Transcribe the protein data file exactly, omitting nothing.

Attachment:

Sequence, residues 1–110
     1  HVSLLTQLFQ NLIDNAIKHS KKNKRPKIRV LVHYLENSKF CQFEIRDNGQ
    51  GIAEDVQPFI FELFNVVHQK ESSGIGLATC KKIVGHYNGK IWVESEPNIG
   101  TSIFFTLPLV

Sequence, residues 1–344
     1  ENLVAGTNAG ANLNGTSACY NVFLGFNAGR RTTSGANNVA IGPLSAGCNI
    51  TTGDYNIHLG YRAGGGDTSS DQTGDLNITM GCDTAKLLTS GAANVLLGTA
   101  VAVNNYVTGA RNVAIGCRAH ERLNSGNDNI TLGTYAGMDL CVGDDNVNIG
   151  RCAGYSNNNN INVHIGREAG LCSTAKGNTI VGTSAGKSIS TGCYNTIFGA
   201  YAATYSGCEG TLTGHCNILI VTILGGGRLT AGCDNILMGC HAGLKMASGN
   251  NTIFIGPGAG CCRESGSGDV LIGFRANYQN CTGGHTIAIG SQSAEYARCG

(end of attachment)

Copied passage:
Sequence, residues 1–110
     1  HVSLLTQLFQ NLIDNAIKHS KKNKRPKIRV LVHYLENSKF CQFEIRDNGQ
    51  GIAEDVQPFI FELFNVVHQK ESSGIGLATC KKIVGHYNGK IWVESEPNIG
   101  TSIFFTLPLV

Sequence, residues 1–344
     1  ENLVAGTNAG ANLNGTSACY NVFLGFNAGR RTTSGANNVA IGPLSAGCNI
    51  TTGDYNIHLG YRAGGGDTSS DQTGDLNITM GCDTAKLLTS GAANVLLGTA
   101  VAVNNYVTGA RNVAIGCRAH ERLNSGNDNI TLGTYAGMDL CVGDDNVNIG
   151  RCAGYSNNNN INVHIGREAG LCSTAKGNTI VGTSAGKSIS TGCYNTIFGA
   201  YAATYSGCEG TLTGHCNILI VTILGGGRLT AGCDNILMGC HAGLKMASGN
   251  NTIFIGPGAG CCRESGSGDV LIGFRANYQN CTGGHTIAIG SQSAEYARCG